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Response to Review of Holy War, Martyrdom and Terror: Christianity, Violence and the West

The author cannot complain about a positive review, which raises issues of ‘best practice’ and ‘best presentation/exposition’. In this sense he shares the reviewer's occasional frustration about his own book, and wishes indeed that he had had space and time to develop more each case treated, plus (as Professor Gaposchkin suggested) to bookend his pages with a full chapter devoted to a case of ‘post pre-modern’ violence, so returning to the issues first highlighted in the first chapter.

One test of the validity of the book's theses may be found in the comparative dimension – by looking at the relationship between massive violence and religion (and/or culture) in several non-Christian ensembles. The author has every intention to turn to these.

If there is still time, a website-based review like yours would be the place for errata:

p. 86, read ‘Hans Hut’ instead of ‘one Leonard Schiemer’, and ‘Hut´s scenario’ instead of ‘Schiemer´s scenario’.

p. 189, read ‘Vyšehrad (1420)’ instead of ‘Vyšehrad (1419)’.

p. 293, the order of the sentences should be:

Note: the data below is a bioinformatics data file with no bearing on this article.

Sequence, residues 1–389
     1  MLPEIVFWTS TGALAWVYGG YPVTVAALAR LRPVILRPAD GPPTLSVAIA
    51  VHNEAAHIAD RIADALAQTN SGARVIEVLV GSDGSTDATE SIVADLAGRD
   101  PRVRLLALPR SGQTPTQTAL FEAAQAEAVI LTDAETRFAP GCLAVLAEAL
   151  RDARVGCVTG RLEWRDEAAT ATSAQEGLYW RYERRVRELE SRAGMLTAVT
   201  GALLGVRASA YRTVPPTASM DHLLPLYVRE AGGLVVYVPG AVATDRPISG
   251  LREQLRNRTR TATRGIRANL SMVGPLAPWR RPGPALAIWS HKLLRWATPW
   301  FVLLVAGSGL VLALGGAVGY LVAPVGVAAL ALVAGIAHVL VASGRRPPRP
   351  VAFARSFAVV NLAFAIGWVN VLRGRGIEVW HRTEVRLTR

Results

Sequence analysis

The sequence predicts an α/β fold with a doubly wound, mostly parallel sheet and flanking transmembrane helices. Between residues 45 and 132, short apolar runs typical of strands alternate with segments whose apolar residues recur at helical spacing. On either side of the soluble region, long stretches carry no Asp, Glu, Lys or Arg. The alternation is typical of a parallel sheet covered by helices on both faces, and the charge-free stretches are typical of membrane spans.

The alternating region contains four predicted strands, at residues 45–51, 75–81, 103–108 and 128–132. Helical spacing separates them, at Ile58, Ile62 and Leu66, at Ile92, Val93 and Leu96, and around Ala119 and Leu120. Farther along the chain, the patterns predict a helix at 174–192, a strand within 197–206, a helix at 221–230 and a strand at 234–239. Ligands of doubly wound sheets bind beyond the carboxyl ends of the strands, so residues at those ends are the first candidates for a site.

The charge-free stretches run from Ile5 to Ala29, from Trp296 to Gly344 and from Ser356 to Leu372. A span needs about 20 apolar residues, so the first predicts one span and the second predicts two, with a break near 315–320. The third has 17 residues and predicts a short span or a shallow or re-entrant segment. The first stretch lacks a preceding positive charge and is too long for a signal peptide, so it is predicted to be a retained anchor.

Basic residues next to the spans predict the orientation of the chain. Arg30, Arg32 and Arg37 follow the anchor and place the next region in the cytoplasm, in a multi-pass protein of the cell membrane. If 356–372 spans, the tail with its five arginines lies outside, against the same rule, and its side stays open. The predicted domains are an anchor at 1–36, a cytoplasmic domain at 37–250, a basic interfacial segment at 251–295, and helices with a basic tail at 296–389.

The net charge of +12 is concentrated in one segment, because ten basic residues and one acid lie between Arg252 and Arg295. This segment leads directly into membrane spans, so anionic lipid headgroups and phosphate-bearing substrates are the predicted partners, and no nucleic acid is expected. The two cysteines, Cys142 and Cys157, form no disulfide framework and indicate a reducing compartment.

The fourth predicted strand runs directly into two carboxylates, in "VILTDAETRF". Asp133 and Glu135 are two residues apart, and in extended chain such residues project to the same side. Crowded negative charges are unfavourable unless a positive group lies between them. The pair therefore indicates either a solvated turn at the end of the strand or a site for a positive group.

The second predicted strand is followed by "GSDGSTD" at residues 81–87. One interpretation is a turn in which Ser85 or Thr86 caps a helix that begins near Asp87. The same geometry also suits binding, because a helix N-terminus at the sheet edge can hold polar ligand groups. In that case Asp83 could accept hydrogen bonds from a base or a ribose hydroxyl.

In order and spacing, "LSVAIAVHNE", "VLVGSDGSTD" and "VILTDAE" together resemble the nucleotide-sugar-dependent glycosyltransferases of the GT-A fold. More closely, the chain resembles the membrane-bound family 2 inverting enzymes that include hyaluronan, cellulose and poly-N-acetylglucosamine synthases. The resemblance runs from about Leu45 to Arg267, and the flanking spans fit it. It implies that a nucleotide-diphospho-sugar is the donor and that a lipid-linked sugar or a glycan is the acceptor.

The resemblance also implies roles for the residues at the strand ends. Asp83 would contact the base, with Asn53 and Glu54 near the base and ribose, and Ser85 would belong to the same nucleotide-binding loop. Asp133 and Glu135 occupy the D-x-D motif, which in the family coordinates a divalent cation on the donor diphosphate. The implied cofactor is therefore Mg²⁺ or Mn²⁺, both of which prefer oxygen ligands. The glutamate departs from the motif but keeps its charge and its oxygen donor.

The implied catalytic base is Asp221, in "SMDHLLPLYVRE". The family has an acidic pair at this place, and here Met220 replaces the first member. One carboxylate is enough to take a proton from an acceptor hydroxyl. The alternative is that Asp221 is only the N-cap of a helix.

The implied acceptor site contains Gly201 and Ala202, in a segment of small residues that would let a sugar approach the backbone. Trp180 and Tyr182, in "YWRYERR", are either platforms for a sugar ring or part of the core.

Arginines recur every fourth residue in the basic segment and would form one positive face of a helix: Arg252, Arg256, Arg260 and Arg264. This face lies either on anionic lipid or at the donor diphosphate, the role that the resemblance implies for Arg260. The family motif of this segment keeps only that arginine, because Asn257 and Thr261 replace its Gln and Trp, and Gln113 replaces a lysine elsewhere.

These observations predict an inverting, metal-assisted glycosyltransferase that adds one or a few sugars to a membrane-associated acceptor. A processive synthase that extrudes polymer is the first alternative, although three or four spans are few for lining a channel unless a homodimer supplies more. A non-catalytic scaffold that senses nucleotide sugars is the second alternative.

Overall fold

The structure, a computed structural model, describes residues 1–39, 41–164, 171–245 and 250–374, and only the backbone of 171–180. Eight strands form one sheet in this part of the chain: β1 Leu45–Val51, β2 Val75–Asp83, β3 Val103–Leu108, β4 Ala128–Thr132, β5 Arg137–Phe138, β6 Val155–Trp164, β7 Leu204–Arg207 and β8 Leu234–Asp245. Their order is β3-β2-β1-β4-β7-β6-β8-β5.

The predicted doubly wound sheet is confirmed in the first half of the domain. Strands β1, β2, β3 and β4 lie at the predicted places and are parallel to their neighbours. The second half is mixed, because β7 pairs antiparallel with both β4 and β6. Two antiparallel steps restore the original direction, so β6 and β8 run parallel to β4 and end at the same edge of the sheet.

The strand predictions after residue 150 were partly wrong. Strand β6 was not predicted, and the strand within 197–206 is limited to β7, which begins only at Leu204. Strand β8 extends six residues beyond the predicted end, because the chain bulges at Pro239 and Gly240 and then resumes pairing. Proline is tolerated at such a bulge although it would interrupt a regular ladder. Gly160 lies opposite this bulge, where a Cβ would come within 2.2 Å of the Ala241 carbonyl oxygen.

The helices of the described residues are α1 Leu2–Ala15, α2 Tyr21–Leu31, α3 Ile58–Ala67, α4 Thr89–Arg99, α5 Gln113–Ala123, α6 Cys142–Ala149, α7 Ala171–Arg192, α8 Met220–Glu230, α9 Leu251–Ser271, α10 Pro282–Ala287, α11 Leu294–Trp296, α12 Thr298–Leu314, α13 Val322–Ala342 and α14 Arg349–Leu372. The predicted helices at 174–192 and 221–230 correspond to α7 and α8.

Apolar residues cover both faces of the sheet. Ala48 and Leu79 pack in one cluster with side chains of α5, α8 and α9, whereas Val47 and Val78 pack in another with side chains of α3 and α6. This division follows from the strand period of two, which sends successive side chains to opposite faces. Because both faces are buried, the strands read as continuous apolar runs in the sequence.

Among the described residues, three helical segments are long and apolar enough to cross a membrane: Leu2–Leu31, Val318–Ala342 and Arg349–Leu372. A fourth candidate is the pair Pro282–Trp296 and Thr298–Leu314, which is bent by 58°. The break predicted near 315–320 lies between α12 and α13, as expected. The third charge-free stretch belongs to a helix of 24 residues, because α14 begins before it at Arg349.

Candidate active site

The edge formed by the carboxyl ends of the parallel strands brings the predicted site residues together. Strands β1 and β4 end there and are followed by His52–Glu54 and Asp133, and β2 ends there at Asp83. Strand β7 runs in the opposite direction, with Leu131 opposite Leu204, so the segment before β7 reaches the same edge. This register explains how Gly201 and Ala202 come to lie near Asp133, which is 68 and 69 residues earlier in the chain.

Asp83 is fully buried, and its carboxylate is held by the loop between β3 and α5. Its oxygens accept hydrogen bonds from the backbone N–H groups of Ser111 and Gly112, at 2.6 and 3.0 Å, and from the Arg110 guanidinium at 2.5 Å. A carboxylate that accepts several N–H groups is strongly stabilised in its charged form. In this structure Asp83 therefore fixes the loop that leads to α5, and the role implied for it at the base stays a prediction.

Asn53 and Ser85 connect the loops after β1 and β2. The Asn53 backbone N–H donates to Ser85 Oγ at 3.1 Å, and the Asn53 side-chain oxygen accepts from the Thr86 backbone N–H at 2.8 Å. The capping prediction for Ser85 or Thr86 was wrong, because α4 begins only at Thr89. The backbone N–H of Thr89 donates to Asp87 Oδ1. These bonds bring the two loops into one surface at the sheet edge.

But once Prague had turned, in the eyes of the Taborites, it became Babylon again. It was as such to ‘be destroyed and burnt by the faithful’ in this ‘year of vengeance’. In May 1420, the Taborites entered Prague, with the intention of purifying it and transferring their own holy city there. The Hussite moderates retorted that the Taborites ‘lied in naming her Babylon’; the city was, in fact, Jerusalem, ‘metropolis in Israel, a holy city, the mother of truth . . . which had taught those fake prophets to know the truth and had fostered and brought them up in every capacity besides falsehood’ (‘matrem civitatem in Israel, civitatem sanctam, matremque veritatis . . . que huiusmodi pseudo somniatores verita- tem noscere docuit, et in omni ingenio preter falsum fovit et educavit’). Well they might so complain with the quill of Jan Příbram, who argued for the city’s Jerusalemite identity by pointing to its successful resistance to ‘40 princes and an army mustered from so many kingdoms’, its miraculous battle- field victory in which eighteen barons had been killed, and the capture of the royal fortress of Vyšehrad.